Back in 2014, two guys spent one day recording music for a 10″ record in an old school in Nowa Hut to accompany a hardback book of photographs. The result of photographer Giordano Simoncini and musician Alessandro Incorvaia‘s labours, hand-numbered and limited to 500, I hold in my hands and it is a thing of beauty.
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Continue reading Check Out – Check Out […]
Faber & Faber
Back in 1986, some real waves were made by the publication of The Audit of War, a bitter and excoriating account of Britain’s strategic socio-economic decision-making during the first ten years after World War Two. The work was written by revisionist (military) historian Correlli Barnett, who critiqued – unfavourably and controversially – the ethos that guided Britain through its immediate decade of post-war reconstruction.
Barnett’s narrative unflinchingly took apart many of the myths that the UK wrapped around itself in the aftermath of its victoryi, and which subsequently became a blindfold that prevented it from seeing itself as it truly was in the mirror and doing something about the more urgent and unattractive parts of the reflection. The book itself was a polarising affair, a real
Continue reading David Stubbs – Future Days: Krautrock and the Building of Modern Germany […]
Infinity Land Press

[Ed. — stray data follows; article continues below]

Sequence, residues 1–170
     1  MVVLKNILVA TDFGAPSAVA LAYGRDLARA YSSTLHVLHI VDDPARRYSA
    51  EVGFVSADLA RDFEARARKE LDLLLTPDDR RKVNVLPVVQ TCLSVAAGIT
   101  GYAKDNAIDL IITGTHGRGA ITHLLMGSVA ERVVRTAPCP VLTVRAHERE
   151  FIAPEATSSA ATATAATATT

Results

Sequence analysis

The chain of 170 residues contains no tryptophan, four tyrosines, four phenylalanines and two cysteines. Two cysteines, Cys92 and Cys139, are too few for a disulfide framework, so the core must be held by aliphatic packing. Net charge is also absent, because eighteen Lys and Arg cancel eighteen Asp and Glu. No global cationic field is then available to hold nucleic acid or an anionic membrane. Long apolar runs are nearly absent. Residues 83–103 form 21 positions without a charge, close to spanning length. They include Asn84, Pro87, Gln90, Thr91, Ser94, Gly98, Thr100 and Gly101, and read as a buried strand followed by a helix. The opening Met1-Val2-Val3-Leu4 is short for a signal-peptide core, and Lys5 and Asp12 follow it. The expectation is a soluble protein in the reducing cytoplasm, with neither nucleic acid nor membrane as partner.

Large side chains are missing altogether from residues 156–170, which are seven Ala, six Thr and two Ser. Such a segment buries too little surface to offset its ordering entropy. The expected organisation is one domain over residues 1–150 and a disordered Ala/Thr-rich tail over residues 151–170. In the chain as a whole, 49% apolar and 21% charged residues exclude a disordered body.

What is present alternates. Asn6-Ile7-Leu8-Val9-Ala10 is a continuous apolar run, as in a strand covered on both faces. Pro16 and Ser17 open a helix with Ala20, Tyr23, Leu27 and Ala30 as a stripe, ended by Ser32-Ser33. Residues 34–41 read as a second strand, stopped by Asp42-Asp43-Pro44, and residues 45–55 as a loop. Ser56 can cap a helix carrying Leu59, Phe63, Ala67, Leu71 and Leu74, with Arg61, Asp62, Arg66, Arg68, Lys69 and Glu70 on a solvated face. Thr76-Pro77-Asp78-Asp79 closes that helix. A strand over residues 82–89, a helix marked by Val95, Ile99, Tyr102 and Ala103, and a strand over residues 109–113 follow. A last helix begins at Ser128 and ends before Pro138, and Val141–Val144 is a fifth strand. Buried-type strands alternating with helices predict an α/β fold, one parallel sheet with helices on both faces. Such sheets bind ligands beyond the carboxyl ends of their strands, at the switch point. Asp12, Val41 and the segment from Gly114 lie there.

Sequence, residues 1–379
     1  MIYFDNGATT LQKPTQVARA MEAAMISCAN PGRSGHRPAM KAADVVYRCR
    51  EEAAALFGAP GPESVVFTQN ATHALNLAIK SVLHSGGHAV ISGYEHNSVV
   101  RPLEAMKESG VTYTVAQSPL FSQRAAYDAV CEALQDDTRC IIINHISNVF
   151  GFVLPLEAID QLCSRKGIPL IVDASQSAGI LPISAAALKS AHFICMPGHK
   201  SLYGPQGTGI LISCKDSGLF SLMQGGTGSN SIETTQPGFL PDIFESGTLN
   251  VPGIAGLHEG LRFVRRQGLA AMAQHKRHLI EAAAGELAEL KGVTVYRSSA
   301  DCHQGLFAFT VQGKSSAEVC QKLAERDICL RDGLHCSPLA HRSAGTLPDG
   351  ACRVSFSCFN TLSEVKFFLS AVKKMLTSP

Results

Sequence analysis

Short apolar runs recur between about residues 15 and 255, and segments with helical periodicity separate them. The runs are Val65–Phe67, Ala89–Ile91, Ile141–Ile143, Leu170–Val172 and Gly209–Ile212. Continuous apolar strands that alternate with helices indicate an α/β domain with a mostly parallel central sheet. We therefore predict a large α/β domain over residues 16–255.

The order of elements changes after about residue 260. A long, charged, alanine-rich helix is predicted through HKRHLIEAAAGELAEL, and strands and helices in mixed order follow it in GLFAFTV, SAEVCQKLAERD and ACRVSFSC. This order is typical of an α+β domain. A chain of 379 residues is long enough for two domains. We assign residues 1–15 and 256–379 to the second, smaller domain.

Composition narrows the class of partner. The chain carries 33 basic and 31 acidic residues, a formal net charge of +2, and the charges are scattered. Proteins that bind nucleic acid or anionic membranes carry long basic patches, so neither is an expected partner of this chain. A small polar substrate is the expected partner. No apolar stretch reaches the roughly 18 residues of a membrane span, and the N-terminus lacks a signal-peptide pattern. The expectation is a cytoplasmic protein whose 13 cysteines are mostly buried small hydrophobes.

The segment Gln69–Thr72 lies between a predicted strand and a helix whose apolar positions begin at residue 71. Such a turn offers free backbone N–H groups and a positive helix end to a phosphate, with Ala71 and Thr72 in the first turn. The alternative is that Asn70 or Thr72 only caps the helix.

John Balance dies and becomes a kind of saint. This is a hagiography of sorts, though it doesn’t attempt to smooth edges or unwrinkle ravages; it’s clear in these beautifully-presented pages that he was a complex, maybe difficult man. It’s also clear that he was a flame that attracted people to him, a person so out there that he was able to continually make them feel welcome. A man full of light, or spectral kindness, of deep morality. A balance.
Like many Coil fans hearing about this book, I was hooked between two poles, pulled apart by horses: on the one hand, we all want more; more insight, more detail about the processes and the paradoxes behind the
Continue reading Jeremy Reed and Karolina Urbaniak – Altered Balance: A Tribute to Coil […]
Andy Wilson Faust Pages, paperback 208pp
A labour of love from start to finish, this book is both a personal and theoretical analysis of Faust‘s music in their classic era. Andy Wilson‘s detailed track-by-track commentary for each album and assorted other releases are insightful and rarely dry. Instead, he riffs on the music as much in an emotional and political context while clearly outlining the group’s sometimes larger than life history, peppering the text with anecdotes from surviving members and rare photos.
With a couple of chapters which compare Faust’s contribution to both the avantgarde and rock music alongside that of Sun Ra and Frank Zappa (from the appreciation of whom Faust’s man-mountain drummer Werner “Zappi” Diermaier got his nickname), as well as a brief section covering developments in the band’s long strange trip after their disappearance
Continue reading Stretch Out Time – Faust 1970-1975 […]